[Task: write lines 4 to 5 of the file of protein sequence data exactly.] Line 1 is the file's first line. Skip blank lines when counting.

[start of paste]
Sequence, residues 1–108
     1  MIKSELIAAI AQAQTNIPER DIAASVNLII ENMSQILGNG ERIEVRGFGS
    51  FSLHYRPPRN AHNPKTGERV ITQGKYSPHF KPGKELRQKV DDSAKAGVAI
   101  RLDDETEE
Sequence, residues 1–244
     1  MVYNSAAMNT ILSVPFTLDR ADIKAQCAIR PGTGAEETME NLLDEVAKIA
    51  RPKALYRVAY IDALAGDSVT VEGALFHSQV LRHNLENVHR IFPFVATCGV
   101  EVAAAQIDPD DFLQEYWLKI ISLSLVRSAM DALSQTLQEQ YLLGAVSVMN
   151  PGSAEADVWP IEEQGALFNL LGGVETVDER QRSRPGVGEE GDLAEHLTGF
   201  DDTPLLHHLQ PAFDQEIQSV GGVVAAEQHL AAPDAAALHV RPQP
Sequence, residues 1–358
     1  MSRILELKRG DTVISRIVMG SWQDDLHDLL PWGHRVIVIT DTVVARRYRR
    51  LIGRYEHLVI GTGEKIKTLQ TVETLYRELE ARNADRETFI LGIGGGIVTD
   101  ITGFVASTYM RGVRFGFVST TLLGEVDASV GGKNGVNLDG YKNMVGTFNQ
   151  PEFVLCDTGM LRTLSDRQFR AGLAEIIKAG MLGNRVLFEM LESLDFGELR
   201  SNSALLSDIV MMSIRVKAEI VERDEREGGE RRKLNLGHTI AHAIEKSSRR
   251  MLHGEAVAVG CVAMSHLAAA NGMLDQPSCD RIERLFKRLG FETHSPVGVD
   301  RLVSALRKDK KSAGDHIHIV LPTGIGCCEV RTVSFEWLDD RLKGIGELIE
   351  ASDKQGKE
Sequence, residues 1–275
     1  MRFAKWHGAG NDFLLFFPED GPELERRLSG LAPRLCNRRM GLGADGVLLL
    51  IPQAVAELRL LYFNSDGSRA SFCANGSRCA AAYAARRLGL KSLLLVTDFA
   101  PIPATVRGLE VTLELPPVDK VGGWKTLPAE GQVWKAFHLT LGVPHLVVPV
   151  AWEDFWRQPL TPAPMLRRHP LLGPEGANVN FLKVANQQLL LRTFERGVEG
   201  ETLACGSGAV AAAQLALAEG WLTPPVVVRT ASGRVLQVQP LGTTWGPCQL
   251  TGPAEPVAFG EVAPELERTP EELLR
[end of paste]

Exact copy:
   101  RLDDETEE
Sequence, residues 1–244